This provides the basis of TME technique, as sharp dissection along the mesorectal fascia yields the entire mesorectum, which is the lymph node-bearing mesentery of the rectum. Secondarily, it removes any small regional metastases. Removing lymph nodes with the surgical click here specimen removes cancer cells, but more importantly provides information about staging, prognosis, and guides treatment decisions. For example, the United States
Surveillance, Epidemiology and End Results (SEER) cancer registry Inhibitors,research,lifescience,medical database shows that for each T stage, 5-year overall and disease-free survival decreases with increasing LN involvement. The presence of lymph node metastases determines the patients most likely to benefit from adjuvant therapy (2). The American Joint Committee on Cancer (AJCC) and the International Union Against Cancer (IUAC) Inhibitors,research,lifescience,medical recommends removing at least 12 lymph nodes to properly assess the adequacy of surgical resection and provide adequate information for staging. Having a minimal lymph node cut off value is problematic as the number of lymph nodes is highly individual, varying with age, location, and tumor characteristics such as growth Inhibitors,research,lifescience,medical factors and microsatellite instability. Even with standardized surgical technique and pathologic evaluation (including the use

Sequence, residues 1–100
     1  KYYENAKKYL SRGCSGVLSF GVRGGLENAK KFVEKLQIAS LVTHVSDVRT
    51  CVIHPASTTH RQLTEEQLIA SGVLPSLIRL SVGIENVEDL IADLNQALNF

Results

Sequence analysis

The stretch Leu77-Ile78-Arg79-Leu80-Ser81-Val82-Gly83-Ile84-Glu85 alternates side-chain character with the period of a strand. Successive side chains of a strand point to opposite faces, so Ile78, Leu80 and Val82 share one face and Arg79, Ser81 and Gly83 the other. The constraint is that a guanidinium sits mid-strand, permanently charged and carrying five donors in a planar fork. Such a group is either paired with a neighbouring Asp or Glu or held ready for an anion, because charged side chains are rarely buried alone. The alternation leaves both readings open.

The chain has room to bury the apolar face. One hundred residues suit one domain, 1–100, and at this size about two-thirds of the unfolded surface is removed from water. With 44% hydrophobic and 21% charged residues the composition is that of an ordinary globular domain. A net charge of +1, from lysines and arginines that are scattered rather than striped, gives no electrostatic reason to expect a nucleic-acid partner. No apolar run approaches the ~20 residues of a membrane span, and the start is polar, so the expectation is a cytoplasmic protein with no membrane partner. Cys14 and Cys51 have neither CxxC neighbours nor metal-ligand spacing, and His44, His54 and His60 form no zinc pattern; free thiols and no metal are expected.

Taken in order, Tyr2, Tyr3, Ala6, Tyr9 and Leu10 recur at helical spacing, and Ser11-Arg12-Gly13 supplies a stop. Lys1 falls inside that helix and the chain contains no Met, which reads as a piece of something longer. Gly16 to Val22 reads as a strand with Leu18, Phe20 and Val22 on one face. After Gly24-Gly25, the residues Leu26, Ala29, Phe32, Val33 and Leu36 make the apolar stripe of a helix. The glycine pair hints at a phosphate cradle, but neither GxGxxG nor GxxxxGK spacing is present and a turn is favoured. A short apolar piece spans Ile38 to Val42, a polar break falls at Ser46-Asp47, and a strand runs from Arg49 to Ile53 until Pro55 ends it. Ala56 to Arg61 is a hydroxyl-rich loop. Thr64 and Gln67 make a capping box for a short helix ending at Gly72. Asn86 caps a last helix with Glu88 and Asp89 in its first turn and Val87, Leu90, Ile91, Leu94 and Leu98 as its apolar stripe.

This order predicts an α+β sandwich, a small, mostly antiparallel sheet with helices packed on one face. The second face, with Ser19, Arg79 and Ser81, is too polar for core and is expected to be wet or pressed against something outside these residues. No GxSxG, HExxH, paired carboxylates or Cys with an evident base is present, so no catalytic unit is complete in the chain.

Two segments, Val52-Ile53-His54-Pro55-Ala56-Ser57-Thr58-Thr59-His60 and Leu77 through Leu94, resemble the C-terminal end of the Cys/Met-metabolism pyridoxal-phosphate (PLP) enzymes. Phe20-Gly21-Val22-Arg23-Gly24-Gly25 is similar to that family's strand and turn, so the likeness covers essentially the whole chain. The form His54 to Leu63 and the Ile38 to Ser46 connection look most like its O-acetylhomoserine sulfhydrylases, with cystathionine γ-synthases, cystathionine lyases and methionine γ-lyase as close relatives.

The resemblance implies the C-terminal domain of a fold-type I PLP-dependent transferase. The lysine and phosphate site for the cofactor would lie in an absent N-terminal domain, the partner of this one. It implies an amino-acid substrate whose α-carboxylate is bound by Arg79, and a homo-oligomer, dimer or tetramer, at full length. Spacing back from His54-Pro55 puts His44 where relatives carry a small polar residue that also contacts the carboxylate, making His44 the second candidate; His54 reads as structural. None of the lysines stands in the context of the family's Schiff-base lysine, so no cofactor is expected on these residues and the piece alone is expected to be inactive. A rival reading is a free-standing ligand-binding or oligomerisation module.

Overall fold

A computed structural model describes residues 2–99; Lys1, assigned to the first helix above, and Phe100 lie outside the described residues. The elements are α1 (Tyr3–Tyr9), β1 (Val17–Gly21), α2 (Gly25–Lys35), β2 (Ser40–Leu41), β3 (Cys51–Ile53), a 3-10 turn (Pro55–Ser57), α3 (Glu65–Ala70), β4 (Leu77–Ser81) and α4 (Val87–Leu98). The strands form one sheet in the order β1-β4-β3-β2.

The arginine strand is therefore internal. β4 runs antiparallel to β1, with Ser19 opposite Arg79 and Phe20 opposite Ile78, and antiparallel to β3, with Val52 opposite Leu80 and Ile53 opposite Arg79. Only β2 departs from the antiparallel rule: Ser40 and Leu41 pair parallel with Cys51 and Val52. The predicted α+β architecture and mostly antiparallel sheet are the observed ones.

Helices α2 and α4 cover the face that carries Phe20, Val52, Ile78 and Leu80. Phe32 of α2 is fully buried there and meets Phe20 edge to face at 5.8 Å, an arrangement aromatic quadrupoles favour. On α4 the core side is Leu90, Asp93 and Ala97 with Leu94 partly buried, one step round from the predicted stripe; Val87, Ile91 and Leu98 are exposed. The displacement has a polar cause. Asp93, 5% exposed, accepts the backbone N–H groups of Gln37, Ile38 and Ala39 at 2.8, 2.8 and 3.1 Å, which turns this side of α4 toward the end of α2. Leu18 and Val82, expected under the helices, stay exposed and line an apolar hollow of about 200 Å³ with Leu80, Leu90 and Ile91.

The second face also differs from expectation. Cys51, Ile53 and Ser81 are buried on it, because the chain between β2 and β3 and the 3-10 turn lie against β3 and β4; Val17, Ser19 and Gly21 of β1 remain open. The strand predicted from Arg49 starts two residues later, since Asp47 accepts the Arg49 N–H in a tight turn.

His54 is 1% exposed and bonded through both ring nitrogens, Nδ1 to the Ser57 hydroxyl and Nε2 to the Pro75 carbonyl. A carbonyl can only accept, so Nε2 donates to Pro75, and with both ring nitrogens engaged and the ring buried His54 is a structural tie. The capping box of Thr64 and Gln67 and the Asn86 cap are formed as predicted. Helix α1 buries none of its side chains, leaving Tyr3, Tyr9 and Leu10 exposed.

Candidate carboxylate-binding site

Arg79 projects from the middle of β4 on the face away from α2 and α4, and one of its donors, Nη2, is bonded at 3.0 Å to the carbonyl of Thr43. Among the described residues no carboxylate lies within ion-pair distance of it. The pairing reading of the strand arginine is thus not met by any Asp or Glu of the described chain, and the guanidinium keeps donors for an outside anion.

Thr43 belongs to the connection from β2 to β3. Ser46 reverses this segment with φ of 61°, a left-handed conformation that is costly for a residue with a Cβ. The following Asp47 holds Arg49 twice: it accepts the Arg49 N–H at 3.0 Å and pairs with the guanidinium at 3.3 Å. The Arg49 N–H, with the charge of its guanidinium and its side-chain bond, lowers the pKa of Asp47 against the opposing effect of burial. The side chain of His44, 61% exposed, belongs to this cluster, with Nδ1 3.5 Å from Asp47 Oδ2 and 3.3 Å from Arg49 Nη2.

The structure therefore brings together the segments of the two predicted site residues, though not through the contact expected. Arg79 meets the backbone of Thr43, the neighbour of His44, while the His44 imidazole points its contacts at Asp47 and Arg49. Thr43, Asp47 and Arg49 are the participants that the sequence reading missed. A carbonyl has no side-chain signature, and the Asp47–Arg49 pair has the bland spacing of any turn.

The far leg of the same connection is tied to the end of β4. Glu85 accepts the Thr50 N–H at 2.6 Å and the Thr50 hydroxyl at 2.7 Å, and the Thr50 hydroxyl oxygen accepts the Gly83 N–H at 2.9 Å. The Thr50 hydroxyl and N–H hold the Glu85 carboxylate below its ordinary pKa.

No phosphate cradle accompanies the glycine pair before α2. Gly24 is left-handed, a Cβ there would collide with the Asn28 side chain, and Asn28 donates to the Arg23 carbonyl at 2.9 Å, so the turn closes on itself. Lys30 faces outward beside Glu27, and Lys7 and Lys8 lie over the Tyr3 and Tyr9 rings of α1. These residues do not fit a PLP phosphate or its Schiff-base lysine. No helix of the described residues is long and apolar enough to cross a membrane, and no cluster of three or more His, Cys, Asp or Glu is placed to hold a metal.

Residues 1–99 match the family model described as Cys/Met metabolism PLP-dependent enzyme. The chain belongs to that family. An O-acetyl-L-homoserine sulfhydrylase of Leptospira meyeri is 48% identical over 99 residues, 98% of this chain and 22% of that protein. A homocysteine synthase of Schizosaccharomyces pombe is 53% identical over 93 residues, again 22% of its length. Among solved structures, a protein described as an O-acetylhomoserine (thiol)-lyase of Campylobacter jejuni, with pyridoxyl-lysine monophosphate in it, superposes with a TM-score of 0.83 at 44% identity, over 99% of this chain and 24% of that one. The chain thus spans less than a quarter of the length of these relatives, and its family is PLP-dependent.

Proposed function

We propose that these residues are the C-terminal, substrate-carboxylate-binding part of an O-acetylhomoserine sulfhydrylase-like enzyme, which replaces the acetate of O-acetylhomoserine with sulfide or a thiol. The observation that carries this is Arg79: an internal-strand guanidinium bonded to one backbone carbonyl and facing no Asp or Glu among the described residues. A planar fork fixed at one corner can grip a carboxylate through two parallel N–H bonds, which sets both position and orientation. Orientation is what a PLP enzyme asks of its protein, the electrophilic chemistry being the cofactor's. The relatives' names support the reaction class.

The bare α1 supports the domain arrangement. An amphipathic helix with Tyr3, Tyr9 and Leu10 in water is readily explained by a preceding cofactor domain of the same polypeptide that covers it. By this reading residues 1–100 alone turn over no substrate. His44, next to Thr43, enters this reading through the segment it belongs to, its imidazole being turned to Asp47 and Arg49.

of fat clearing to optimize lymph node harvest), the total number of lymph nodes harvested after neoadjuvant chemoradiation is highly variable and frequently less than 12, and with the possibility of fewer positive lymph nodes, downstaging can occur (3,4). To address this issue, we previously proposed calculating lymph node Inhibitors,research,lifescience,medical ratios as a method that incorporates the negative impact on survival of finding as few as one positive lymph node and the uncertainty Inhibitors,research,lifescience,medical regarding the optimal number of total lymph nodes to harvest (5). This lymph node ratio is valuable as an independent prognostic factor for overall survival, not only in rectal cancer,
but also in gastric, breast, bladder, pancreatic cancer, and colon cancer (6). Rolziracetam Interestingly, increasing the number of lymph nodes retrieved is associated with increased survival among patients with colorectal cancer (7,8). The article by Denham and colleagues in the current issue of the Journal of Gastrointestinal Oncology provides a wide-ranging review of multiple studies and biologic principles to determine the underlying basis of this observation. Given the lack of consensus in the literature, the authors conclude that the explanation for the association of increased survival with increased lymph node retrieval is multifactorial and lies in tumor-host biology (9). Clinically, deciding how many lymph nodes to retrieve is less relevant, as a surgeon performing a “cancer operation” should, by virtue of optimal surgical technique, maximize the mesenteric lymph nodes harvested.